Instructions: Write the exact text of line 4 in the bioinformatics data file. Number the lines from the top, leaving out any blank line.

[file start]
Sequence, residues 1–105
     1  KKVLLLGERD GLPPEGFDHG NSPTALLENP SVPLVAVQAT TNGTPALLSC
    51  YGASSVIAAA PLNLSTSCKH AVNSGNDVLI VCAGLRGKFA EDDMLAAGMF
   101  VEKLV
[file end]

   101  VEKLV